Google says it doesn’t track users activity when they’re in incognito mode–it just receives updates from its partners and other websites.
A recently proposed class action accuses Google of violating people’s privacy by tracking Chrome users’ internet usage even when they have set their browsers to “incognito” mode.
CNet.com reports that the lawsuit was filed Tuesday in the U.S. District Court for the Northern District of California. The suit alleges that Google systematically violates wiretapping and privacy laws when it continues to “intercept, track, and collect communications” registered on Google, even when users are using Chrome’s in-built “Incognito” mode.
The lawsuit also suggests that Google may illegally track people’s internet usage on other browsers’ equivalent “privacy” modes, too.
“Google collects and tracks consumer browsing history and other web activity data no matter what safeguards consumers undertake to protect their data privacy,” the proposed class action states.
The complaint states that the company collects data across an assortment of its platforms, including Google Analytics and Google Ad Manager, as well as website plugins and mobile applications. These programs, adds Reuters, allow Google to collect droves of data on its users–including who their friends are, their favorite foods, shopping habits, and the “most intimate and potentially embarrassing things” they search for online.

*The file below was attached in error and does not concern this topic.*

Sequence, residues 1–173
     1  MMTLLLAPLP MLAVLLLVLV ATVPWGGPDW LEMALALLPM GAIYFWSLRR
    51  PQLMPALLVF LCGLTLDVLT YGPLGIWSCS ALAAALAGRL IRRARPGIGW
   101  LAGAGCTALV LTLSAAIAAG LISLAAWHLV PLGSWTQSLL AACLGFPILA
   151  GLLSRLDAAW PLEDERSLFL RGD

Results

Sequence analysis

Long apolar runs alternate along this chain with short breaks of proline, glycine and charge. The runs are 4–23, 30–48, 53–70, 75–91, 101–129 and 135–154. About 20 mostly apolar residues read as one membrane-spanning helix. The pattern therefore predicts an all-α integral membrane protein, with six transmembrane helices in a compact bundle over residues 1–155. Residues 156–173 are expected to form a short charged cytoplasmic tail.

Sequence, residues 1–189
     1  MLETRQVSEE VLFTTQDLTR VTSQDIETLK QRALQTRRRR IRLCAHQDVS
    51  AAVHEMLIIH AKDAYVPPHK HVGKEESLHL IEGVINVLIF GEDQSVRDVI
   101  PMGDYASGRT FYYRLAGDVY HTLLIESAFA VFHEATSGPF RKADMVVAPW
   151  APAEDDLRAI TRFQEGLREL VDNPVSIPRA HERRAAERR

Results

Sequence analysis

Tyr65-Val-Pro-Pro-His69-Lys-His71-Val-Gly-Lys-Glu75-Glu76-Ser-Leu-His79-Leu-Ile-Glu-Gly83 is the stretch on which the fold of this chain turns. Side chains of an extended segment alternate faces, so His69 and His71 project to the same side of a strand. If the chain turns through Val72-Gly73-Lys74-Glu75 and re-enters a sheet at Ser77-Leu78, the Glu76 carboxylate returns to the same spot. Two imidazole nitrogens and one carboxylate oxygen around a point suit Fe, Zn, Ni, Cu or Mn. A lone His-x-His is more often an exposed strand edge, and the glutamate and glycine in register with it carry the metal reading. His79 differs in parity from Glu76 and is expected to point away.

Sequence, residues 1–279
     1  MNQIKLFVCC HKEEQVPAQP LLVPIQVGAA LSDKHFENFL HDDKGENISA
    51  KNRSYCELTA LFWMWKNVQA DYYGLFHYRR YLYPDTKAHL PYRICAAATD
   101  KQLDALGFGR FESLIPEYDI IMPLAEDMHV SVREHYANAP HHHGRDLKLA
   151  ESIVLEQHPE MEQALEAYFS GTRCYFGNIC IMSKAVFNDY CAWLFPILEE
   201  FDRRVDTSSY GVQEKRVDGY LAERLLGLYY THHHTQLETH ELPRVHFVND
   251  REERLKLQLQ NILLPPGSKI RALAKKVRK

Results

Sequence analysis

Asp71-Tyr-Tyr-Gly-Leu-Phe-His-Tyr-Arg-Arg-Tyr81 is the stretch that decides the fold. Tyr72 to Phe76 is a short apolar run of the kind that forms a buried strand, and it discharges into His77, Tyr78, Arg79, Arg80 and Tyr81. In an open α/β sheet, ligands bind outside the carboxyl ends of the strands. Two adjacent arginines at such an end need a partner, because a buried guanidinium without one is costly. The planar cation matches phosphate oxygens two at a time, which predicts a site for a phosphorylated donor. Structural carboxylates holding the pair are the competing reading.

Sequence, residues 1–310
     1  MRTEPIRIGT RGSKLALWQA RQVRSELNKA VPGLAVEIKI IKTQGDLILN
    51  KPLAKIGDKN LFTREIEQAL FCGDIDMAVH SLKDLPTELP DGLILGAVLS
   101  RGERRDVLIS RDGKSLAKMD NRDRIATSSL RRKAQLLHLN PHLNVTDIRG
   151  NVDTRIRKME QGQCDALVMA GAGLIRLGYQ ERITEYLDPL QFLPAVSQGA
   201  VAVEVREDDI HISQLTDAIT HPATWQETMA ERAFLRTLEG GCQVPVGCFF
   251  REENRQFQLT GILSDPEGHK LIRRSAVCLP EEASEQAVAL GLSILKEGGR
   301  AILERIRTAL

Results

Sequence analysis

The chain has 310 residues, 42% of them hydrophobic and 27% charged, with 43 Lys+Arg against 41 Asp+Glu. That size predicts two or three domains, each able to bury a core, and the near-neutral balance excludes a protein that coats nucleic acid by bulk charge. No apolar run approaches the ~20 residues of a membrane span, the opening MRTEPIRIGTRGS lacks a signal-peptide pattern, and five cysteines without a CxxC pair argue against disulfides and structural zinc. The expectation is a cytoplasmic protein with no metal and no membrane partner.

Google, states the suit, “cannot continue to engage in […] covert and unauthorized data collection from virtually every American with a computer or phone.” The lawsuit further asserts that users have a “reasonable expectation” that their communications will not be intercepted, analyzed, or otherwise collected when they are using private browsing modes. And the complaint goes so far as to claim that Google’s practices “intentionally deceive consumers” into believing that “private” browsing modes give them more control over what information the company may access.
While the class action requests at least $5 billion from Google and its parent company, Alphabet, the search giant has denied the lawsuit’s allegations.
Google, though, maintains it has never promised that incognito mode is free from intrusion—just that the company itself is not directly tracking users’ activity.
“Incognito mode in Chrome gives you the choice to browse the internet without your activity being saved to your browser or device,” Google spokesman Jose Castaneda said. “As we clearly state each time you open a new incognito tab, websites might still be able to collect information about your browsing activity during your session.”
However, Reuters notes that nominally private browsing modes have long been criticized by security researchers and consumer advocates, who have been keen to point out that Google—along with its competition—retains the capacity to track users across different browsing modes. Furthermore, the lawsuit says that Google, for all its disclaimers, does not provide users with information on how their internet activity may be tracked while incognito.
The New York Times adds the lawsuit was initiated by Mark C. Mao, a partner at the law firm Boies Schiller Flexner. The class action was filed on behalf of three people with Google accounts, all U.S. citizens or residents.
Mao, says Reuters, expects the class—if certified—could have millions of members.